HEAL System Increases Production More Than 75% from 25 Montney Shale Wells | Schlumberger
Case Study
Canada, North America, Onshore

Well depths, high initial decline rates, and high GOR challenged the design and operation of efficient rod pumping systems in Canada’s Montney unconventional play. The HEAL System minimized slug flow and gas interference, maximized pump fillage, and increased drawdown in 25 wells, resulting in an average incremental production of 18,400 BOE per well in the 12 months following installation of the system.

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HEAL System Increases Production More Than 75% from 25 Montney Shale Wells

Enhanced sucker rod pumping efficiency in gassy environment

Operator wanted to maximize production from 25 wells

In the Montney shale play, production varies from gassy oil in the shallower parts, through wet gas into dry gas. Many wells in the oil and wet gas window require artificial lift after natural flow. An operator wanted to maximize output from 25 wells, which had the following characteristics:

  • TVD: 4,760–10,140 ft [1,450–3,090 m]
  • Initial oil production: 6–440 bbl/d [1–70 m3/d]
  • GOR: 1,122–40,400 ft3/bbl [200–7,200 m3/m3]

Rod pumps were the artificial lift system of choice, but the well conditions made it difficult to design and operate an efficient system.

What Schlumberger recommended

The horizontal enhanced artificial lift system—the HEAL System—guides production from the horizontal section into a sized regulating string (SRS) in the build section. Production flows up the SRS, where it is conditioned into a stabilized multiphase state, lowering fluid density, lifting liquids, and mitigating slugs. The conditioned flow is delivered to a vortex separator, which separates gas and solids from the liquid. The gas rises through the annulus and conditioned liquids are drawn up the vortex separator and delivered to the pump located in the vertical section. Extremely efficient downhole separation and consistent flows minimize gas interference and gas locking to maximize pump fillage; the system also maintains a very low bottomhole pressure, enhancing drawdown to increase production. As a result of these benefits, smaller pumping equipment can efficiently achieve higher production rates, reducing unit lifting costs.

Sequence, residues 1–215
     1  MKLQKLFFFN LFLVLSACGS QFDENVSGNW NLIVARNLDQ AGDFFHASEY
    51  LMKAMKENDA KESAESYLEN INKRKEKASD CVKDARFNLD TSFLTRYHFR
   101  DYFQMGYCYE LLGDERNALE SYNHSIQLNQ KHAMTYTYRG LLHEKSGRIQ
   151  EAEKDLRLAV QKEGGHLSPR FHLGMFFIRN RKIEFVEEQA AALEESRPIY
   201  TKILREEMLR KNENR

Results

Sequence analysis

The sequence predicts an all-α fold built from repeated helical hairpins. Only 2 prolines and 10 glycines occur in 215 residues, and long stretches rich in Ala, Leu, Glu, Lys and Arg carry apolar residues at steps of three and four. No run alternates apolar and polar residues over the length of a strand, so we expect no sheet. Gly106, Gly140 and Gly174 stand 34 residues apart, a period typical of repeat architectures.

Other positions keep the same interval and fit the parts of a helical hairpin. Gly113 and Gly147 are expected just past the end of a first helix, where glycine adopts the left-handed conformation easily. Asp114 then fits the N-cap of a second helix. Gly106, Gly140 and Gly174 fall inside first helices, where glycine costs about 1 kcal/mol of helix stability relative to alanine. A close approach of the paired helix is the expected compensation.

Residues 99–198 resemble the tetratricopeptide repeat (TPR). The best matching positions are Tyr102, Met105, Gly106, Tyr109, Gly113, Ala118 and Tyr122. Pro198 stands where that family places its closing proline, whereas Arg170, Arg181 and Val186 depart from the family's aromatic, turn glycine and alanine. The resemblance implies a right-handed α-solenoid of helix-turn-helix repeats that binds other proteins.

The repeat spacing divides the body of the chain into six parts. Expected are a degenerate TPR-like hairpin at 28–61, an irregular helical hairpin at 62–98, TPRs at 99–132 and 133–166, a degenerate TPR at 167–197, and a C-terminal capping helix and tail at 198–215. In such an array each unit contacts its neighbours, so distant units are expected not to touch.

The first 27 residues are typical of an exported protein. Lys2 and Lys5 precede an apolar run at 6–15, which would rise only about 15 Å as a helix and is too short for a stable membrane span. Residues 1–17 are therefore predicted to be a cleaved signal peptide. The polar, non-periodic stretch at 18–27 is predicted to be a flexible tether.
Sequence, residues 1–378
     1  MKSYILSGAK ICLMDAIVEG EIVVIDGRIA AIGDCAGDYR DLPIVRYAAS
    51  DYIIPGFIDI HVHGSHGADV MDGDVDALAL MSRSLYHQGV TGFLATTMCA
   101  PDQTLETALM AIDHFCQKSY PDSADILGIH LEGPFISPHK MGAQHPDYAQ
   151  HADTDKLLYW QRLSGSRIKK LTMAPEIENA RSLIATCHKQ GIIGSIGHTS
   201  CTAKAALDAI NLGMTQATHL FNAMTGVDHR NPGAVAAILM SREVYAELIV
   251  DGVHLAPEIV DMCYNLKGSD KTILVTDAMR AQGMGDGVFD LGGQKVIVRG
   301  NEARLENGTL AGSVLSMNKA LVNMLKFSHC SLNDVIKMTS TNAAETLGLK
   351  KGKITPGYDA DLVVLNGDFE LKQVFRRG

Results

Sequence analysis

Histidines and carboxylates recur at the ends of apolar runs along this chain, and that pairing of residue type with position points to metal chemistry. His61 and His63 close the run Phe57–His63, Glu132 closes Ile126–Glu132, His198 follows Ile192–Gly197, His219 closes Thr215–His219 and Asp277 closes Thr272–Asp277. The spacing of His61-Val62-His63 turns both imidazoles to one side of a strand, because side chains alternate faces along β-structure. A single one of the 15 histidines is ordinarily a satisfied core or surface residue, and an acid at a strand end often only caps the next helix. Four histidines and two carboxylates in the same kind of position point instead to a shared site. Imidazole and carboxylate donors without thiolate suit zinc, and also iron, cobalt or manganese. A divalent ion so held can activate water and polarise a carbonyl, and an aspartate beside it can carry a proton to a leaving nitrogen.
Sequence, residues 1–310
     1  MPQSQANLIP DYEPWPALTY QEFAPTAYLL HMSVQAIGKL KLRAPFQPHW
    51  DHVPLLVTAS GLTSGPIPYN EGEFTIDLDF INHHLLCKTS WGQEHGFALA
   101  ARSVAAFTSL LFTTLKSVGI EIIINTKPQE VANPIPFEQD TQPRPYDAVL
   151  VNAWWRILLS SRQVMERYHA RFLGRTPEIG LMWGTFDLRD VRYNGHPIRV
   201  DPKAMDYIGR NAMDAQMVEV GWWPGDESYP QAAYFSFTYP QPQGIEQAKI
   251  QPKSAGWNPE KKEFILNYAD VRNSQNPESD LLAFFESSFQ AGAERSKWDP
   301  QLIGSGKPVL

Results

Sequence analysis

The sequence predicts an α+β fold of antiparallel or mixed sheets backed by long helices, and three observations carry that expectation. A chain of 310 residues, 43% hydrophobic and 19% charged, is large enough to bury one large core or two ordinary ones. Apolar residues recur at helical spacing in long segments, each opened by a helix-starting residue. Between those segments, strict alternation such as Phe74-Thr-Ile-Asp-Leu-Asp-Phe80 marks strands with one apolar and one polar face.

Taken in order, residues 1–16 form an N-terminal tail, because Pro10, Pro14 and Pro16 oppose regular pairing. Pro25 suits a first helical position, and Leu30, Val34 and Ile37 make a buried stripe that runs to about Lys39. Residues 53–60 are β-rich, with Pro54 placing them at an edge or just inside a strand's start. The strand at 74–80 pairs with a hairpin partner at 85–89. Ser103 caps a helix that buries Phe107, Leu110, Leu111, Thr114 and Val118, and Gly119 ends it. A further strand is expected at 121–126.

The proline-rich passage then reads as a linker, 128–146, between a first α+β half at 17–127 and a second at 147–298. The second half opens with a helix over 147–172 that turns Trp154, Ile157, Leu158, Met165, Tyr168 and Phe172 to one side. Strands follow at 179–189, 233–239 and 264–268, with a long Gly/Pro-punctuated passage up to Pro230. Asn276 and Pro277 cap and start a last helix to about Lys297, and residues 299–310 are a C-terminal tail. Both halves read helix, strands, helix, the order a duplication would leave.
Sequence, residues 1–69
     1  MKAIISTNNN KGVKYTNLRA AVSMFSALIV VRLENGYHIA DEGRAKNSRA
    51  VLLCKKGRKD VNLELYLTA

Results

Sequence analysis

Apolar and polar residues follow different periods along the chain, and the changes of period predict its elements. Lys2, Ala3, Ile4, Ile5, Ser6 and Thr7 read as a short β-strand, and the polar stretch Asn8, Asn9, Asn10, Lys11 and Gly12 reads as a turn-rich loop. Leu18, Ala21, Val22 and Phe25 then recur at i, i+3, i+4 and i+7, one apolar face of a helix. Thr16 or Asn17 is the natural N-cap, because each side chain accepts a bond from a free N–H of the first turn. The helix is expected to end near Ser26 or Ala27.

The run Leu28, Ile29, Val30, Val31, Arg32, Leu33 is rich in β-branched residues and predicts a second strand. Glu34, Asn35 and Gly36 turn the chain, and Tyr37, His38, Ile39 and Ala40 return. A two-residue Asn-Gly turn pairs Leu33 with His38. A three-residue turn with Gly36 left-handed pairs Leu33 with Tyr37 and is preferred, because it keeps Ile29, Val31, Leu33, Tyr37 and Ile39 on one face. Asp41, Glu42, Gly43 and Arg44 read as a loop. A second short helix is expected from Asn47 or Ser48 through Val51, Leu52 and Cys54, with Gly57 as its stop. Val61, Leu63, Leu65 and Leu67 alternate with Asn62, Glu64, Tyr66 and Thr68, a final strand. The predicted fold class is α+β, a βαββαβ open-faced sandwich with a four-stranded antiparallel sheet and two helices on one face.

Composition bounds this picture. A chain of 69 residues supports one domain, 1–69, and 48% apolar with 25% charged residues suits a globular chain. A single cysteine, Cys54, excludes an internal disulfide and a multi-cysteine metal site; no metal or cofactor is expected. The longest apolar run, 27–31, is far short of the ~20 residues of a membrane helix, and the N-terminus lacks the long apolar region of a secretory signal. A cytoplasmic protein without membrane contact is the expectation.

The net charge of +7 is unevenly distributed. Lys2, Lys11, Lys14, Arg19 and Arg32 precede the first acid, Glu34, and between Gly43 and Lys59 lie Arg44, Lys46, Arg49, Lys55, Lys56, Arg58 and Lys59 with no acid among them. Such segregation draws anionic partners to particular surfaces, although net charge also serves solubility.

Schematic of the HEAL System.
The HEAL System enhanced rod pumping efficiency by minimizing slug flow and gas interference while maintaining a very low bottomhole pressure.
Schematic of the HEAL System.
Graph showing the substantial increase in the total production rate from 25 wells after installing HEAL Systems.
Production rate from the 25 wells increased substantially.

Production rate increased in excess of 75%

The HEAL System increased long-term (>12 months) production by more than 75% in the 25 wells, compared with the previous production decline trend. Average incremental production was 18,400 BOE per well in the 12 months after the system was installed. As a result, the operator recovered the cost of each HEAL System installation in just 2 to 4 months.

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